WiFi Heatmap

To create a WiFi site survey with NetSpot:

  1. Download and launch NetSpot.
  2. Switch to the Survey mode using the prominent button in the toolbar.
  3. Name your WiFi site survey project and import a map of the area you want to survey.
  4. Move from one place to another until you cover the whole area.
  5. Click the Stop Scan button located in the bottom-left corner when you’re done.

Equipped with the information provided by NetSpot, configure your access points so that no two access points with overlapping coverage use the same WiFi channel. As we’ve already explained, you should keep the 2.4 GHz channels to 1, 6, and 11 since these are the only three non-overlapping channels available, at least in North America.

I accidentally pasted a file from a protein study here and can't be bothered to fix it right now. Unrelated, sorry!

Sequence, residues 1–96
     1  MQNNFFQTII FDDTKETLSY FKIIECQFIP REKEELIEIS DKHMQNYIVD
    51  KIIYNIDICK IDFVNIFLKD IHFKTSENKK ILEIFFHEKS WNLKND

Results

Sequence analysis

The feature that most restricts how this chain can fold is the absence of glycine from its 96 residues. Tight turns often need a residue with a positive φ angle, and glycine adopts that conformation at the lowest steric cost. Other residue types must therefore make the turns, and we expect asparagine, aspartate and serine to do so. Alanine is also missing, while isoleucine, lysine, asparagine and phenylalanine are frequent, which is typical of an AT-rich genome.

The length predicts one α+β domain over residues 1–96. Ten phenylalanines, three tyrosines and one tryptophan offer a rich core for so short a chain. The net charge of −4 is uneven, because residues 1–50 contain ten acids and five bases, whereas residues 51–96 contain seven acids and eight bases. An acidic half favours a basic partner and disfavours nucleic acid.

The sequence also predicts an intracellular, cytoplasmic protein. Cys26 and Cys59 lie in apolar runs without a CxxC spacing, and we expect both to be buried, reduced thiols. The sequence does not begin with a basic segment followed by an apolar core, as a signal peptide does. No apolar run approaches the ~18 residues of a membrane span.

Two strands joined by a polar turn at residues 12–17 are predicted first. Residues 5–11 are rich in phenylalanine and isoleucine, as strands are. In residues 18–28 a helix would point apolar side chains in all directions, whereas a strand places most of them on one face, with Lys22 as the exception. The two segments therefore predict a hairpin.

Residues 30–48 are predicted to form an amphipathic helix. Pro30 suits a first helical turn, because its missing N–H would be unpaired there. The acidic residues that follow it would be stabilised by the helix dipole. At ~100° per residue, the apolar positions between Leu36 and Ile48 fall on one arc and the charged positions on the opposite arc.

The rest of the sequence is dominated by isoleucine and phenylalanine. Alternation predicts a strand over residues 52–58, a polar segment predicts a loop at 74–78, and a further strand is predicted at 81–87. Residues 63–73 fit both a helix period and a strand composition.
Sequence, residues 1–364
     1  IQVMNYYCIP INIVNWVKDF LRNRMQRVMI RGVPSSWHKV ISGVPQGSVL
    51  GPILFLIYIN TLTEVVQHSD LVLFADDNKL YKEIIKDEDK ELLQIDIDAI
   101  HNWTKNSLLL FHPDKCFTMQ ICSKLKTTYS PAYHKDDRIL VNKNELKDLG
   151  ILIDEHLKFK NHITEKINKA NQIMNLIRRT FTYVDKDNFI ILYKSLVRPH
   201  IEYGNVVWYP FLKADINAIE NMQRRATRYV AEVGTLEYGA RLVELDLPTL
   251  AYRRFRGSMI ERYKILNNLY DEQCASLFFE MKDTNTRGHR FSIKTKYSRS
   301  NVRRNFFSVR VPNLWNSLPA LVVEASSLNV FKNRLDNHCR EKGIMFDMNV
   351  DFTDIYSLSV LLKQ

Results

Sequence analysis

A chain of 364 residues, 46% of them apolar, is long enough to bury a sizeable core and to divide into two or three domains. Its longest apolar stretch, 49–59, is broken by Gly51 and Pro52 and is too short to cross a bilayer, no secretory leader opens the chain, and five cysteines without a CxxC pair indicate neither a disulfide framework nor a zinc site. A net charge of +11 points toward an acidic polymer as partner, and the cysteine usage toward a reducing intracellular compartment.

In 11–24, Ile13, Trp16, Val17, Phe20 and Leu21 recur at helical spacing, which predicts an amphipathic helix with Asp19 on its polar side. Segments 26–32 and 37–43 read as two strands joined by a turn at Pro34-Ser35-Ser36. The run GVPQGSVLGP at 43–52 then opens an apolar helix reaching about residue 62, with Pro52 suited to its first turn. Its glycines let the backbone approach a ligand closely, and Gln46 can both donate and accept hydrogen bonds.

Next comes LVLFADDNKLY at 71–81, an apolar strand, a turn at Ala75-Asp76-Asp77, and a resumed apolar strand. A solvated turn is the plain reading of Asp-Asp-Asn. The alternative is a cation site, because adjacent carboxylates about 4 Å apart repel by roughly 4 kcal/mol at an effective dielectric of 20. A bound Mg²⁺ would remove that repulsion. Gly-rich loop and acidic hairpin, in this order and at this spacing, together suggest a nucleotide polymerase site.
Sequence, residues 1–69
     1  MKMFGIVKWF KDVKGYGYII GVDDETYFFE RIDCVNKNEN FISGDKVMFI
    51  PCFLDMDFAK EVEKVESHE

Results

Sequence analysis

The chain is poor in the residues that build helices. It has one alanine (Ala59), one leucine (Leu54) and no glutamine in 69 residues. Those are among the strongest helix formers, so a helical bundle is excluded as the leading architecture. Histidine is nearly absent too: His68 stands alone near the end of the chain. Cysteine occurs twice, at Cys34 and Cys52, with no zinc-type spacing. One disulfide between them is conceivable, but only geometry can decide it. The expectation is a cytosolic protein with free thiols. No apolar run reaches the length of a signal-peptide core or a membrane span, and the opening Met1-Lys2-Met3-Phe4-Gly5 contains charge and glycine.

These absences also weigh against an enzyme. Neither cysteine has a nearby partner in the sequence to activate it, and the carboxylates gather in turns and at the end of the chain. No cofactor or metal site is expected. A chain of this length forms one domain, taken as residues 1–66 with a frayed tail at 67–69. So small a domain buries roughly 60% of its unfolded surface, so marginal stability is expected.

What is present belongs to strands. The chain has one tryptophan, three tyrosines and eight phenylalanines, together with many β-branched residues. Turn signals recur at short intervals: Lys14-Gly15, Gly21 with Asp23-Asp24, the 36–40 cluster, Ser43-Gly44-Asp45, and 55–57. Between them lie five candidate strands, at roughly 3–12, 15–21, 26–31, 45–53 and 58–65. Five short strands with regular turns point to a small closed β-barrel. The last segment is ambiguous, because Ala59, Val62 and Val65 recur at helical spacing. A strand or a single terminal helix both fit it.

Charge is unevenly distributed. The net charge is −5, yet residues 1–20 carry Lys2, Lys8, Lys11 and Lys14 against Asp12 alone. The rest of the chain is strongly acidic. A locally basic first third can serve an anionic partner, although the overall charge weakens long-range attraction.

Non-Overlapping Channels

In the 5 GHz band, there are far more channels to choose from, and most modern access points can set the most appropriate channel automatically, making it far easier to avoid co-channel interference and achieve flawless coverage and excellent capacity.

Conclusion

When planning the deployment on any wireless network, it’s important to take into consideration the fact that WiFi channels overlap with other adjacent channels. A WiFi channel scanner and heatmapping tool like NetSpot makes it easy to discover all kinds of WiFi issues associated with co-channel interference and poor coverage.